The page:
Here in New Jersey, it's time to anticipate new social and development patterns, reimagine our suburbs, and prepare for a new generation of prosperity.
Start by considering some history, courtesy of the superb new book New Jersey's Postsuburban Economy by Rutgers professors James Hughes and Joseph Seneca. The authors recount how New Jersey successfully evolved from an urban manufacturing-based economy to an economic powerhouse based on suburbanized information and research-driven employment.
But, as they note, "The baby boom will soon be yesterday's workforce. Tomorrow's workforce will be dominated by a new, expansive generation... young creatives...[who] currently do not find the car-culture suburbs in which they grew up an attractive place to live, work and play.”
Their takeaway: "Suddenly, New Jersey's greatest core advantage in the late twentieth century -- a suburban-dominated, automobile dependent economy and lifestyle -- is now regarded as a disadvantage." Sure enough, we’ve seen the welcome rebirth of cities like Jersey City and Newark, propelled by young people looking for places that are fun, exciting, walkable, and bikeable.
But New Jersey’s beautiful suburbs, large swaths of forests and farms and mountains, and gorgeous coastline are still here, beckoning a lifestyle that can be just as much fun, and for many, even healthier. And, of course, communications technology has almost entirely eliminated geographical barriers, promoting distributed innovation, and spurring development of tech hubs even in the “middle of nowhere.”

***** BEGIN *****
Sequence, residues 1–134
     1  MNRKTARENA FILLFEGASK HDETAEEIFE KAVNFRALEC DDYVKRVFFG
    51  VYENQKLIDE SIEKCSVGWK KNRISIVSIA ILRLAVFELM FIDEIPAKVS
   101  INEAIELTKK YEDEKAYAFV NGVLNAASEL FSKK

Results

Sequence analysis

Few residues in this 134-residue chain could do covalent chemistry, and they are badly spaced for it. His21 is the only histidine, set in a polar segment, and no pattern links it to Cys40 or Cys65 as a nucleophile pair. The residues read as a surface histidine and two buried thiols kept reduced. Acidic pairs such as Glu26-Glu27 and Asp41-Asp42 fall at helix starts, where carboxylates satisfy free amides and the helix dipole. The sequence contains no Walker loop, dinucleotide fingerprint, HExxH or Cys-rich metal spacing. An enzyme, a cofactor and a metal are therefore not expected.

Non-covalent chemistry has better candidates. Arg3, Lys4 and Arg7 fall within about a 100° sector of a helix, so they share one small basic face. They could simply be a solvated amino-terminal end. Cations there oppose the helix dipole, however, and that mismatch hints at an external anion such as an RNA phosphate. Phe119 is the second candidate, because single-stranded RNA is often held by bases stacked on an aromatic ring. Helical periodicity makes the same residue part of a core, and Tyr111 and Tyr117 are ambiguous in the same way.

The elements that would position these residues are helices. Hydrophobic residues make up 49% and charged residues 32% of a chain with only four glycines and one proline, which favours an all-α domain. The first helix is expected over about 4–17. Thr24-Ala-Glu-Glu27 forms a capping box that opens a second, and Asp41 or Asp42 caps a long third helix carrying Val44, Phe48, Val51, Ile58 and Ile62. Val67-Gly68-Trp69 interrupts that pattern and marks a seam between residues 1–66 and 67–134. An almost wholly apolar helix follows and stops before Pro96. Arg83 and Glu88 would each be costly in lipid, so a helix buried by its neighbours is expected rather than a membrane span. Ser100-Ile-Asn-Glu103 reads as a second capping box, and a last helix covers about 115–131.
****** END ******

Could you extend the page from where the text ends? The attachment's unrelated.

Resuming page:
What, then, should we do? Re-envision and reinvent our suburbs to welcome more of the fun, creativity, and experiential lifestyles valued by new generations. Build on what we already have, sensitive to what makes each community unique, as we evolve our safe and beautiful suburbs to welcome some of the urban spirit and experience people want in their lives.
New transportation solutions such as ridesharing, bikesharing, connected/autonomous transportation, and “smart city” technology will make it significantly easier to get around in the suburbs -- especially if we complement them with needed investments in mass transit and infrastructure. (With the growing use of new devices ranging from scooters and Segways to electric bikes and skateboards, getting around in the suburbs could even become fun.)
One specific way to reinvent our suburbs: support the flexible transformation of yesterday’s corporate campuses and office parks, welcoming more creative mixed uses, from bike paths to entertainment. Where these venues have faded, flexible redevelopment can turn them back into major community assets, offering crucial reinforcement to local tax bases, as well as diverse new employment opportunities.
Communities only keep thriving when they flexibly evolve to serve new generations, creatively reinterpreting the values that originally made them great. In New Jersey, we’ve done that repeatedly. It’s time to do it again. We can -- and I’m convinced we will.
That is why, as New Jersey gets set to elect a new governor, a key part of his or her agenda must be how to transition these fading suburban properties back to taxpaying assets that our tech sector sees the right place to grow businesses and attract employees to live, work and play.